My friend the Rev. Laurie Thomas passed away this month. As I've been thinking about her and our times together, one memory that sticks out for a number of reasons is the time we traveled to Boston together for a weekend. I asked Laurie's permission, which she granted, to write up the experience as a blog post, but for some unknown reason I never did.
We encountered in the course of a weekend so many little, and big, accessibility issues and issues of injustice or prejudice, that my head was spinning. I was angry--furious--at the encounters. Laurie just shook her head at me. This was everyday life for her, and not out of the ordinary at all. Besides, she explained, she didn't have the luxury of being angry. If you're angry, people won't want to help you, and in some of these situations she might require help of people who don't know her. "Nobody likes the angry gimp," she said to me.
The first instance we encountered was before we even left Detroit. We were at the airport and decided to get some lunch before the flight left. We went over to the nearest restaurant to our gate, and the hostess looked at us and said -- to me -- "She can't bring that in here." I looked at the hostess incredulously. "What do you mean she can't bring it in here? That's ridiculous. She doesn't get out of that. It's like a wheelchair. You have to let her in here with it." Laurie just looked at me in amusement. The hostess backed down as I pointed out a table by the door that we could easily get to and from.
There were other small issues as we boarded and exited the plane. When we got off the plane, they had managed to switch some switch such that her scooter wouldn't work. They wanted to transfer her to a wheelchair, but Laurie wasn't having that. Eventually we got the scooter, and went out get our transportation to the hotel.
We were headed to stay at Eliot & Pickett House, the B&B that was then owned by the UUA. It was right off the subway line, but the subway stop there is not accessible, so that wasn't an option. The bus system will send buses that can accommodate wheelchairs and scooters, but apparently you have to have a special card with them, which as a non-resident, Laurie did not. The UUA had phoned around for us, and determined that a cab was the best way to go. They were assured that there were cabs that could handle the scooter, and that all we needed to do was go to the cab stand and tell them we needed an accessible cab.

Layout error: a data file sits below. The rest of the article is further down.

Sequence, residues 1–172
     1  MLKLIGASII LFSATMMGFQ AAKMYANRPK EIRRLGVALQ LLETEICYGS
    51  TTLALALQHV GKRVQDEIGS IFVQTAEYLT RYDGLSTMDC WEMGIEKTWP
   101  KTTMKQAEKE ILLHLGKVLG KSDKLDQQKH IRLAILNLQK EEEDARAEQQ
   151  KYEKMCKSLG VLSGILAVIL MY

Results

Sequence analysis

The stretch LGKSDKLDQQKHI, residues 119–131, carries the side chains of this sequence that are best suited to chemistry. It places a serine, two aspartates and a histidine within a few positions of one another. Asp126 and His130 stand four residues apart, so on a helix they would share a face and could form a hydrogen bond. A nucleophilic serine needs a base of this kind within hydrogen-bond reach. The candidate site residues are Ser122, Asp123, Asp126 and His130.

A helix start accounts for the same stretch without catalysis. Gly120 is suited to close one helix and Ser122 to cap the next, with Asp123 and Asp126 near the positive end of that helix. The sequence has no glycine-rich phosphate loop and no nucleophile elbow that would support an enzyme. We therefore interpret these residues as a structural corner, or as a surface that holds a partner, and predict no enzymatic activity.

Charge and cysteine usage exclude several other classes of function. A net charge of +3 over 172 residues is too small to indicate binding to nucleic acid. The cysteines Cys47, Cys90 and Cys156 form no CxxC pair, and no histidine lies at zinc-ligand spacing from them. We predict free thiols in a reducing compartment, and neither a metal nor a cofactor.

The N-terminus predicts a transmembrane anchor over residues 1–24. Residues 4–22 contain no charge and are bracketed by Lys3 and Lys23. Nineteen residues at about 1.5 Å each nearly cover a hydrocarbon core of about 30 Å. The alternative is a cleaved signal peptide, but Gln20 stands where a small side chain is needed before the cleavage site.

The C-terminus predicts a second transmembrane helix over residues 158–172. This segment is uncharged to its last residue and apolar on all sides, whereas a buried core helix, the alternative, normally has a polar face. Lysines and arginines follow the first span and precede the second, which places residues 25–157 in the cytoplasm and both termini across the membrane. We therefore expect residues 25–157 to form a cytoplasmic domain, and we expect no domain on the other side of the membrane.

So off we went, and they promptly ordered us an accessible cab. Well, accessible it was not. The back was too small to fit the scooter in. No problem, they said, we'll order a larger one. The next one came. This could handle the scooter, but not with Laurie on it. The scooter would need to be forced into the back. And it was a van, so a higher seat to get up into, which Laurie couldn't easily transfer into. In fact, she couldn't get into it at all. So they sent it off. And while we were waiting for a third cab to come, the cab stand manager got a good idea. He suggested we call two cabs -- one that the scooter would fit into, and one that Laurie would be able to transfer into. I would then ride with the scooter, to make sure it got there okay. We agreed that if the third cab didn't accommodate her, that this is what we would need to do. And so it was. We departed with me with the scooter, and Laurie in a second cab. The only problem then was that the second cab got lost trying to find Eliot & Pickett House. I sat outside on Laurie's scooter while the minutes ticked away, worrying about her. At last she arrived. The cab driver, having driven in circles, charged her outrageously. So we were there at last, having only spent triple what a cab ride should have been.
Eliot & Pickett House has a ramp that looks like an after-thought and takes you in a side door around the capitol side of the building. But the ramp was no obstacle, and the staff was prompt and friendly with help. I can't say enough nice things about the staff at Eliot & Pickett, in fact. The best thing about the trip was that Eliot & Pickett House was completely accessible for everywhere Laurie needed to go to. I could barely fit into the amazingly small elevator to get to my room, but the room Laurie stayed in was well-appointed for one on wheels. "It's the legacy of Helen Bishop," Laurie told me. Helen Bishop was the former District Executive of the Central MidWest District, and, indeed, responsible for many a church's accessibility improvements, as they struggled with making themselves a building their own DE could enter. As for Eliot & Picket House, its only problem was a lift that was required to get to one part of the building that the staff had forgotten how to work, or had to find the key for. But Segree Bowen quickly solved it, and showed us, and so we could move around the building freely.